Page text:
Brian Jones Kraft


A lot of people found themselves bewildered on September 9 after a disastrous event called the NYC Pizza Festival. Some attendees had paid up to $75 for the food fest which turned out to yield nothing more than cold, kiddie sized portions of pizza served on paper plates in a parking lot across the street from Popeye’s at Knickerbocker and Flushing Avenues. 

“The Fyre Festival of Pizza” made the internet rounds for a news cycle or two, reaching at least as far as the Daily Mail in England, and blogs briefly got busy coming up with dough related puns for a pizza related scandal. Aside from Gothamist conducting a brief interview and running a black and white photo of the organizer’s smiling face near the top of that site for a day or two, no one really bothered to ask much about the man behind the fest, Ishmael Osekre, whose history with ill-fated food events was already established after 2016’s widely panned NYC African Food Festival. 

Scheduled at the same time, and in the same place as the Pizza Fest was an event called the NYC Burger Festival, promising “‘mountains of French Fries, Oceans of Ketchup and Waterfalls of Beer.” And the gift for grandly braindead evocation was as Trumpian as Osekre’s jumbled description of what went wrong in an interview with Gothamist:

 “…It’s exciting when food arrives every 30-45 minutes—and so many boxes of pizzas and it’s fresh and it’s hot and people see it and they are sharing—which is part of what we were trying to go for. The excitement and enthusiasm around that, coming from different pizzerias…”  

Barely anyone even remembered ask Osekre what happened to all the burgers.

His Mark on the Music Scene

New York music scenesters may have caught Osekre in the past fronting Osekre and the Lucky Bastards, a raucous ska/afrobeat outfit whose tunes have been compared to Fela Kuti and The Clash by local publications. Readers of the Huffington Post may have browsed one of his articles enthusiastically chronicling 21st century Afrocentric culture. Through his blogging platform and brand Afropolitan Insights, Osekre has organized numerous music and culture events over the better part of the past decade, including Aputumpu, a music event, and the Jollof Festival, a celebration of the traditional West African rice dish, held this summer in New York and Washington, D.C.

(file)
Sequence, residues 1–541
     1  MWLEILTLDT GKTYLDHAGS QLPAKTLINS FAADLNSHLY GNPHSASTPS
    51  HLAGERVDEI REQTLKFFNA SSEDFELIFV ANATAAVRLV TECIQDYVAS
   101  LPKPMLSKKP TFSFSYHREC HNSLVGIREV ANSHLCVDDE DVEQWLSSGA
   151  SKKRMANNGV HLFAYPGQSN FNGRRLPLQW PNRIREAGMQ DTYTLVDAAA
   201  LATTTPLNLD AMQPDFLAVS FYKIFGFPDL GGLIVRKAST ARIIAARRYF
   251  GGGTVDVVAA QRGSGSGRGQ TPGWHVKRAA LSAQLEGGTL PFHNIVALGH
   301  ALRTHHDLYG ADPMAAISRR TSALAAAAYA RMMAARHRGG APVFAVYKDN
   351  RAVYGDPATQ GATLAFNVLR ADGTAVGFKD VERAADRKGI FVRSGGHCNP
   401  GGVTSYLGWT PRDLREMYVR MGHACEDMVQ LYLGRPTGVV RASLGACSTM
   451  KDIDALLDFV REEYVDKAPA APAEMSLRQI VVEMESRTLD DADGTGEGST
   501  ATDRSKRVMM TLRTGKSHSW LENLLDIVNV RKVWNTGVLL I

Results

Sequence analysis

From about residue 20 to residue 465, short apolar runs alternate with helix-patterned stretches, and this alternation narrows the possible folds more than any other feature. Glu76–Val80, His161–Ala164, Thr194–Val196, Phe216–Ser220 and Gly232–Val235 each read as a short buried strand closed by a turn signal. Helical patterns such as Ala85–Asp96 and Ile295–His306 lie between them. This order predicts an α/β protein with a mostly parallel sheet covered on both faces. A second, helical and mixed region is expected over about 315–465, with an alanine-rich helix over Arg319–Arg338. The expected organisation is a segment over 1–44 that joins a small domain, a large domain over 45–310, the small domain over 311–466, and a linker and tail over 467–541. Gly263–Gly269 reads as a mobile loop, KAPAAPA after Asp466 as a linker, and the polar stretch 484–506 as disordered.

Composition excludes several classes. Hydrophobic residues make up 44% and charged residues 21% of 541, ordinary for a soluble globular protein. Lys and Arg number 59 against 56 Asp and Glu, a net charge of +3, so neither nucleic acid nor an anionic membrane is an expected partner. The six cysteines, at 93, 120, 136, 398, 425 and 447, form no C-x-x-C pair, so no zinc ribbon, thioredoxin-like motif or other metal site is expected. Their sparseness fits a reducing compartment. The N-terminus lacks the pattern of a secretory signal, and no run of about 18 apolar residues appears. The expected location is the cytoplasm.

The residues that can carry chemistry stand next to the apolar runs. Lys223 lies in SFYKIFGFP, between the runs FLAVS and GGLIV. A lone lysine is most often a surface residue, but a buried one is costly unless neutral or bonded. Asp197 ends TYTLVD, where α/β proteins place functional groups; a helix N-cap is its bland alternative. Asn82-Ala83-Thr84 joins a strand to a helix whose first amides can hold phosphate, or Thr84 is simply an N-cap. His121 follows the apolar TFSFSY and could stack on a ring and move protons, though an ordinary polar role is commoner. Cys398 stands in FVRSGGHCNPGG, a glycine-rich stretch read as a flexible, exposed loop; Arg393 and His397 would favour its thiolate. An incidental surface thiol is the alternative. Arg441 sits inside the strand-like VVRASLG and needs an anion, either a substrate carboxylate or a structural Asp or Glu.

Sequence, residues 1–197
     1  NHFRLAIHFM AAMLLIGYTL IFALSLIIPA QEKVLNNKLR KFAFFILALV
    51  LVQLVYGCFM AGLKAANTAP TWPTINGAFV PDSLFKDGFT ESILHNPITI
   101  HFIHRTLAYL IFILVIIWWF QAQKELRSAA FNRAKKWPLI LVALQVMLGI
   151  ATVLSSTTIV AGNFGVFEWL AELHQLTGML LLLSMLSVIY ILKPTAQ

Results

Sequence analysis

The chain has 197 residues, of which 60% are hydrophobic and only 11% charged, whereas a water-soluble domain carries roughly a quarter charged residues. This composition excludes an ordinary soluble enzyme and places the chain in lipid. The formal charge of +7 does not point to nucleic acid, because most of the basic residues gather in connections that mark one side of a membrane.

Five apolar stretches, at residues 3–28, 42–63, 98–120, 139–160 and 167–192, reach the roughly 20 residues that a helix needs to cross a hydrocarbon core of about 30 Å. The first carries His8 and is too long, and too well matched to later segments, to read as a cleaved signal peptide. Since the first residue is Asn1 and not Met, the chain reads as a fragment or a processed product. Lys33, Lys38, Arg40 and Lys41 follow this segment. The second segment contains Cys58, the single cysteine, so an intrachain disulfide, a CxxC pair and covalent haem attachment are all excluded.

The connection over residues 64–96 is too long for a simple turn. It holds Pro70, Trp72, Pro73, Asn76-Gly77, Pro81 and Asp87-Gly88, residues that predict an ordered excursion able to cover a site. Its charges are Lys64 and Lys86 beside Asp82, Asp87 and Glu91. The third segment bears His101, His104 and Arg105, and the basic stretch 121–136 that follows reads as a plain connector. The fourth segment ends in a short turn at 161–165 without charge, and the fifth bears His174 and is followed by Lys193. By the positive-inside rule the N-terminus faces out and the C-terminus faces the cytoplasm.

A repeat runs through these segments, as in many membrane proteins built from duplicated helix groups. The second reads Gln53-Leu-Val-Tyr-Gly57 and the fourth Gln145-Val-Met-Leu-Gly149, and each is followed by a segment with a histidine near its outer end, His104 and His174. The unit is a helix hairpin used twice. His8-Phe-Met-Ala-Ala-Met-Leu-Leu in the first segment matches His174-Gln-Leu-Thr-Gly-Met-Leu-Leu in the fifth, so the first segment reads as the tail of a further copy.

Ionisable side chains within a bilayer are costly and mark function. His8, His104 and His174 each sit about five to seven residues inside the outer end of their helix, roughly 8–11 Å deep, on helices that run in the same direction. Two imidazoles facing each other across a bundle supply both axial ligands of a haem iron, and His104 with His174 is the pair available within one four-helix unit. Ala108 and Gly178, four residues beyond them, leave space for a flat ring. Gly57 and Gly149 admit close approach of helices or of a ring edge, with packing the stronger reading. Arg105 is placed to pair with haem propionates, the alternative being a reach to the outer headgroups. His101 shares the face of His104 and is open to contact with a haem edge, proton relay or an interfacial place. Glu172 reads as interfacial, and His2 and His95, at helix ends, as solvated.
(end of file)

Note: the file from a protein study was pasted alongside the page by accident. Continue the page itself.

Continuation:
With his Ghanian immigrant background and enthusiastic boosting of African culture, its easy to think of Osekre as maybe a guy with good intentions who just gets in over his head.

Another former acquaintance, Daniel (not his real name) recalls Osekre as a musician who could barely tune a guitar but easily recruited band members and scored gigs through sheer charisma, and who also led the Lucky Bastards on a disastrous 2013 tour that was from the start a parade of hastily improvised deceptions too numerous and labyrinthine to list here, eventually leaving an Osekre-less band largely high and dry by the end. Daniel next saw him in 2015, when he recalls Osekre improvising a quick lie to grift a Bushwick rehearsal space for a few hours of free practice time. 

“It was impressive-he made a scam right in front of my face in 30 seconds, and I hadn’t seen him in two years,” Daniel told Bushwick Daily.  

Osekre is impressive. At their peak, the Lucky Bastards were a well-oiled machine. He radiates an easy charm that can make even a brief online chat seem like touching base with an old friend. His confidence seems downright Tom Cruise-ian. “Pizza is easy,” he puzzlingly told Crain’s New York last week. 

Chuck (also not his real name), a longtime collaborator of Osekre’s had this to say in a Gothamist comment thread after the pizza fest: “He’s just an asshole, that has gotten by by being endearing, calculating, and manipulative.”

When we reached out to him for more details, Chuck, whose partnership with Osekre lasted years, offered a few gotta-hand-it-to-him compliments like, “He works his ass off. He’s a fucking animal,” even describing him at one point as “like a brother still, I suppose.” But also added: “He’s not harmless, he’s an asshole and will take advantage of peoples’ kindness and help.”